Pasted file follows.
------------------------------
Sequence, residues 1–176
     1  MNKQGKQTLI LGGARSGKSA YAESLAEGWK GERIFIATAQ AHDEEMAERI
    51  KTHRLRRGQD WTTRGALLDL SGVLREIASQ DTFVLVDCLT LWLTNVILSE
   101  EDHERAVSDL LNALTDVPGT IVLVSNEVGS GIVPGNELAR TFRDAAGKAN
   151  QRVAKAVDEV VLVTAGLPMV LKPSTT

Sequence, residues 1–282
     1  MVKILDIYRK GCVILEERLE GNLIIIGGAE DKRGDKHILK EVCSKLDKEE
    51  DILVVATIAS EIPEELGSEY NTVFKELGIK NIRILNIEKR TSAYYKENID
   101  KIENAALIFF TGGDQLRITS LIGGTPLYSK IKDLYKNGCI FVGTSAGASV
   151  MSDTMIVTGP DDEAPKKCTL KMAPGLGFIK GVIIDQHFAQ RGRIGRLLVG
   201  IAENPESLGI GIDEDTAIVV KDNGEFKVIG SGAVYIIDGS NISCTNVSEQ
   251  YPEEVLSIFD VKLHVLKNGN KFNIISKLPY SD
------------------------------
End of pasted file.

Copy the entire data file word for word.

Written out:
Sequence, residues 1–176
     1  MNKQGKQTLI LGGARSGKSA YAESLAEGWK GERIFIATAQ AHDEEMAERI
    51  KTHRLRRGQD WTTRGALLDL SGVLREIASQ DTFVLVDCLT LWLTNVILSE
   101  EDHERAVSDL LNALTDVPGT IVLVSNEVGS GIVPGNELAR TFRDAAGKAN
   151  QRVAKAVDEV VLVTAGLPMV LKPSTT

Sequence, residues 1–282
     1  MVKILDIYRK GCVILEERLE GNLIIIGGAE DKRGDKHILK EVCSKLDKEE
    51  DILVVATIAS EIPEELGSEY NTVFKELGIK NIRILNIEKR TSAYYKENID
   101  KIENAALIFF TGGDQLRITS LIGGTPLYSK IKDLYKNGCI FVGTSAGASV
   151  MSDTMIVTGP DDEAPKKCTL KMAPGLGFIK GVIIDQHFAQ RGRIGRLLVG
   201  IAENPESLGI GIDEDTAIVV KDNGEFKVIG SGAVYIIDGS NISCTNVSEQ
   251  YPEEVLSIFD VKLHVLKNGN KFNIISKLPY SD